The family of Robert Beckett wishes to extend our sincere thanks for all the expressions of sympathy we received during this difficult time. Many thanks to those who made donations in Bob’s memory to the Knox Center Alzheimer’s Unit, sent comforting sympathy cards, notes and online condolences, gave monetary gifts, brought delicious food to us, and sent beautiful flowers.

Our special thanks to Dr. Judd Jensen and Dr. Cheryl Liechty for the professional care they gave to Bob at the onset of his illness and through the many months that followed. Also to the staff at Penobscot Bay Medical Center during a very difficult time in Bob’s illness. Our heartfelt thank-you to the Knox Center Alzheimer’s Unit for the excellent care and kindness shown to Bob during his stay there for the past two years. We would like to extend our many thanks to Knox Center physician Dr. Richard Kahn, and Kno-Wal-Lin Hospice for all the comfort, care and compassion given to Bob during his final weeks of life. We also appreciate the support they gave to us as a family, both emotionally and spiritually. Thank you, the Rev. Andy Stinson, Kristin Robinson-White, Susan Watkins, volunteers, and the entire hospice team. You have all been wonderful. Many thanks also to the staff at the Burpee, Carpenter and Hutchins Funeral Home. Thank you, Mr. Hutchins, for your kindness and sympathy to us at this sad time. You have been such a blessing in our lives, and we thank you and appreciate you so very much.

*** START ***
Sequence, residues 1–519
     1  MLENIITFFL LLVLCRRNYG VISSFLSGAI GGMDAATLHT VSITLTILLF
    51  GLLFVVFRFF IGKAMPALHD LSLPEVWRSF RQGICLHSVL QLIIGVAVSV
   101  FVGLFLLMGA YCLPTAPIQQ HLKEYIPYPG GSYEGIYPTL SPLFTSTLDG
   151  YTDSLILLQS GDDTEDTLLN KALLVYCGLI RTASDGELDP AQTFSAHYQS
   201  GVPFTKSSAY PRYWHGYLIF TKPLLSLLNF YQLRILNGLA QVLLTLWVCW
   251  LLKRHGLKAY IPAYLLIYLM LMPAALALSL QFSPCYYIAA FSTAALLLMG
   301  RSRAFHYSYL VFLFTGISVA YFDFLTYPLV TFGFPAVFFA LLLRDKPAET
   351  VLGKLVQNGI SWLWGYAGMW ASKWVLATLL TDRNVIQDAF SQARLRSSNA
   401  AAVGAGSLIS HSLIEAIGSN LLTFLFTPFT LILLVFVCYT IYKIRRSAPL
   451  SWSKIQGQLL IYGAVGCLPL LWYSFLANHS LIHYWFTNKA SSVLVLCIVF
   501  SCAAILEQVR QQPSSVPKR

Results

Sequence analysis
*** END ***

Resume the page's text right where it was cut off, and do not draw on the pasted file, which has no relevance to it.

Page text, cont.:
We are grateful to those friends and family who have been here for us and who have walked this difficult journey with us over the past seven years of Bob’s illness. As his wife, I appreciate the support they gave me during the first five years when Bob was still at home and I was his caregiver. The Alzheimer’s support group with Cheri Alexander was very helpful, and it meant so much to be able to meet and talk with other caregivers as well.